As someone who is hard of hearing, Gabriel Gomez says communicating with first responders is a challenge.
Gomez said it was difficult to have a conversation with a police officer during a traffic stop he had.
“I did try to gesture to him and explain to him a little bit that I was deaf, and it was a little bit difficult to do that communication,” Gomez recalled. “We tried a little bit with writing back and forth.”
As the director of McAllen ISD’s Regional Day School Program for the Deaf, Liza Lara helped draft House Bill 3132, which assists the deaf and hard of hearing during situations similar to the one Gomez faced.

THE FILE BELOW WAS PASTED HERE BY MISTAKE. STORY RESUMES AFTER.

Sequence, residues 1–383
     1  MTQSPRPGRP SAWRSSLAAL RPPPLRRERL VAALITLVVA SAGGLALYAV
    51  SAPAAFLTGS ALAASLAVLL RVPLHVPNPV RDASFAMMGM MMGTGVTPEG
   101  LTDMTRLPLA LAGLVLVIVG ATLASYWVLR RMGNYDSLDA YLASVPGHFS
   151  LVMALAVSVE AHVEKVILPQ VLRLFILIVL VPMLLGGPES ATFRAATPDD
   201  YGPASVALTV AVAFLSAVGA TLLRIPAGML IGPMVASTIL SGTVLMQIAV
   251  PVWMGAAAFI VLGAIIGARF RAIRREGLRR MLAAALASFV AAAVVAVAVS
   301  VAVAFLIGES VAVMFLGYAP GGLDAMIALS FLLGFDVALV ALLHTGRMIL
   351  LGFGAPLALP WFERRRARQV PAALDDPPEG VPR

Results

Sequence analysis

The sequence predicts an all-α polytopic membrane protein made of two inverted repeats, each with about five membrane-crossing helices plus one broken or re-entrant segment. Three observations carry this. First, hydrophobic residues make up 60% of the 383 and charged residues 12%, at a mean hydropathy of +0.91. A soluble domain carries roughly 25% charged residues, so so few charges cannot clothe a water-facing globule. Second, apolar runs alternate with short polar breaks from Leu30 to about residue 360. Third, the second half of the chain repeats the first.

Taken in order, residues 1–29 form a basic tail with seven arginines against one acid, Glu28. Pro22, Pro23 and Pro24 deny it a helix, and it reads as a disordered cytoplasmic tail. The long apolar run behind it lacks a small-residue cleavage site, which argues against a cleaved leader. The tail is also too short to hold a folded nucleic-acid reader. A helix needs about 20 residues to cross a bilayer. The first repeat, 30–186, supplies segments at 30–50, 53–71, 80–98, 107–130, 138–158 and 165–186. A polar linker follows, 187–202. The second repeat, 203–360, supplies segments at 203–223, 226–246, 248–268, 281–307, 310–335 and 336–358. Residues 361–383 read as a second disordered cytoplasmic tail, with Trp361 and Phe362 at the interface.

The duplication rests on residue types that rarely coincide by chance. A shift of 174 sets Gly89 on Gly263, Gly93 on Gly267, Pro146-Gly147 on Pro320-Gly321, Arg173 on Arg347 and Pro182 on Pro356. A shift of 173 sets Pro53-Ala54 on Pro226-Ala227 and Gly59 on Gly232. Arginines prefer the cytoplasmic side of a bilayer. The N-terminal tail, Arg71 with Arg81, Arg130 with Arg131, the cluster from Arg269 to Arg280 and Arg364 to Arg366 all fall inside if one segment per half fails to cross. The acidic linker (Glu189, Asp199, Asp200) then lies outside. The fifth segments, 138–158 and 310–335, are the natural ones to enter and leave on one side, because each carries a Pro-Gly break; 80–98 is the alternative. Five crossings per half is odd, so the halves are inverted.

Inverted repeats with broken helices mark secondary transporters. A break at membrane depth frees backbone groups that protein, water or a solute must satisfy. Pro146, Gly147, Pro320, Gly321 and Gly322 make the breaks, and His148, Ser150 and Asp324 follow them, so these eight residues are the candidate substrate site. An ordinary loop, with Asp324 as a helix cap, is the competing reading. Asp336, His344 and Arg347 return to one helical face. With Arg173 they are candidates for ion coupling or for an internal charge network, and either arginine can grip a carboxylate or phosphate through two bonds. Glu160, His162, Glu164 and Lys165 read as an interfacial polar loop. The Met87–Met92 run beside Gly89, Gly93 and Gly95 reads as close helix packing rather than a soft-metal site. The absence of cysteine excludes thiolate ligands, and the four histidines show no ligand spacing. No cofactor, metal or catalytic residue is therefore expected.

“We want to make sure police officers and first responders are aware if a person is deaf or hard of hearing,” Lara said. “That was a great opportunity for me to educate our lawmakers and I explained to them the importance of always having interpreters on standby.”
The new law provides the public the option of indicating on their driver’s license if they are deaf or hard of hearing.
“A deaf person shouldn’t have to struggle to be able to express their needs,” Lara said.
The new law will take effect on Sept. 1. Gomez says he’s looking forward to making the change.
“I am happy it is a safer opportunity for people out in the community, not just for myself, but for all of us,” Gomez said.